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San Diego seeks to hold rapist past release date

Alvin Ray Quarles was sentenced in 1989 to 50 years in a series of assaults. His release has been set for Nov. 16, but officials say he remains a sexually violent predator.

November 08, 2013|By Tony Perry
  • Convicted rapist Alvin Ray Quarles is set to be paroled but San Diego prosecutors want him kept in custody.
Convicted rapist Alvin Ray Quarles is set to be paroled but San Diego prosecutors… (California Department…)

San Diego County prosecutors are attempting to keep one of the region's most infamous rapists in custody even though he has served 25 years in prison and is set for parole.

At a Superior Court hearing Friday, the judge set a Dec. 19 hearing on whether Alvin Ray Quarles should be released or determined to be a "sexually violent predator" and sent to a state hospital for sex offenders until he is judged to no longer be a threat to the public.

"Protecting our community from sexually violent predators is a priority for the D.A.'s office and we're working diligently to have this defendant committed to a state hospital for an indeterminate term," district attorney's spokesman Steve Walker said.

Dubbed by police the Bolder Than Most Rapist, Quarles, 51, attacked his victims at knife point, sometimes forcing the women's husband or boyfriend to watch, and in some of his attacks, forcing the men to have sex with the women while he watched.

Quarles pleaded guilty in 1989 to a series of sexual assaults that had terrorized women throughout National City and the San Diego neighborhoods of Clairemont, Mission Valley and East San Diego.

Under a plea bargain with prosecutors, Quarles, then 26, pleaded guilty to four counts of rape, six counts of burglary and two counts of robbery and was sentenced to prison for 50 years.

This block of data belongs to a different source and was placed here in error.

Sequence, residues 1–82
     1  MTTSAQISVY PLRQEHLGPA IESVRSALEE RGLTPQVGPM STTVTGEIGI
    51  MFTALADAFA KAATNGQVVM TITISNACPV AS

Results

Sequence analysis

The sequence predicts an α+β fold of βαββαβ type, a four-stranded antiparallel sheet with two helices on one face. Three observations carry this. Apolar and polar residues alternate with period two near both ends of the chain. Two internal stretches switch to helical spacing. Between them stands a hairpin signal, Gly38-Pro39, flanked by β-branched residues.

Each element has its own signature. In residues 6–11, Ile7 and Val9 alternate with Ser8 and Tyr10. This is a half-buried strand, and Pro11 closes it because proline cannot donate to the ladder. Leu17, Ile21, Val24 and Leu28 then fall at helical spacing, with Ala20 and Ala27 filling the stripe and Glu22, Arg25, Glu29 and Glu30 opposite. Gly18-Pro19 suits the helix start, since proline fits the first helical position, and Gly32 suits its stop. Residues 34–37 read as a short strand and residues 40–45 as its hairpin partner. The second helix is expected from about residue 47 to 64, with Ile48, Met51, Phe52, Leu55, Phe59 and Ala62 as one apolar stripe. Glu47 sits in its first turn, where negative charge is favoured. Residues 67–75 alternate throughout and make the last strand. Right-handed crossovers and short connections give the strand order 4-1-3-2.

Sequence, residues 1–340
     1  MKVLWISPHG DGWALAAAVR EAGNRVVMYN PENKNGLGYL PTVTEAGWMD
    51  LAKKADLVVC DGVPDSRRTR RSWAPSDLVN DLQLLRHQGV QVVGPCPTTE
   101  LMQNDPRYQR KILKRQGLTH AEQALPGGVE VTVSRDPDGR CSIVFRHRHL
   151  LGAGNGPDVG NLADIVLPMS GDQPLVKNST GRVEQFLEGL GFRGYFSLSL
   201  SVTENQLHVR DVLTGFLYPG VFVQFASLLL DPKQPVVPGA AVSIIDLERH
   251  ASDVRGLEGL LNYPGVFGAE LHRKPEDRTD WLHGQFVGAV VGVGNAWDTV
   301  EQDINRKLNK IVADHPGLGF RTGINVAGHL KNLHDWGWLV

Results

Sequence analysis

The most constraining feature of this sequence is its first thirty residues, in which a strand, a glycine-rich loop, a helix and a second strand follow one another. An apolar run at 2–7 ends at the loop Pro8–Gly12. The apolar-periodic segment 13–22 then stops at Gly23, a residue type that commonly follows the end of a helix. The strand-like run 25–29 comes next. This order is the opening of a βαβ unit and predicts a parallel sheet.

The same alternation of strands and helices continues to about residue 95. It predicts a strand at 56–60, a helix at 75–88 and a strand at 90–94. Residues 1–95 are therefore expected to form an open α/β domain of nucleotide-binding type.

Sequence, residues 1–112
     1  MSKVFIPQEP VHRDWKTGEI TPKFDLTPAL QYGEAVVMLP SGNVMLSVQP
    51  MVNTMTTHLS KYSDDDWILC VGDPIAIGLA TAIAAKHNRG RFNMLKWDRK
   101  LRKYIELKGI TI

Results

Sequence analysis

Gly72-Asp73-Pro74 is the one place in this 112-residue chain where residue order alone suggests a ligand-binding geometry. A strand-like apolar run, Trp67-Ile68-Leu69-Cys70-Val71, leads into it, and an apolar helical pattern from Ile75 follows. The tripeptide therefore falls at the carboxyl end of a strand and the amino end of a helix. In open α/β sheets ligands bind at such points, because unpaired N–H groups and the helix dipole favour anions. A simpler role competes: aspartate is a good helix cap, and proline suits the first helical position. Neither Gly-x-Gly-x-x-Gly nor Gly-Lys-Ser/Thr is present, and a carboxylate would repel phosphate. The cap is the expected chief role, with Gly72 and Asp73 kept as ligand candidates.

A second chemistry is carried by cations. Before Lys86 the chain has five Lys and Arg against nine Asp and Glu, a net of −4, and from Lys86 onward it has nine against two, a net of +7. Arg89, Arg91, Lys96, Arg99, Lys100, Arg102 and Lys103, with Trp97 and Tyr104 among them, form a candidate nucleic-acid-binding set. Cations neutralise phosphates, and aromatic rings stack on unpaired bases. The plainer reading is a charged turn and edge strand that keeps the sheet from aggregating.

If he had chosen to go to trial on all 61 counts, he could have been sentenced to more than 200 years.

Under the law in effect when he was sentenced, Quarles was eligible for parole after serving half of his sentence based on credit for "good time." In 1994, the law was changed to require a violent prisoner to serve at least 85% of a sentence.

In August, the prison system said Quarles would be released before the end of the year. His release date was later set for Nov. 16. Quarles has been behind bars at the prison in San Luis Obispo.

The district attorney's office is attempting to keep him in custody under what is called a "civil commitment." At the December court hearing, psychologists will testify that Quarles remains a threat to the public, prosecutors said.

Los Angeles attorney Gloria Allred held a news conference Friday with two of Quarles' victims to protest his possible release from prison.

The victims "deserve the peace of mind that this convicted rapist won't be able to harm anyone in the future," Walker said.

tony.perry@latimes.com

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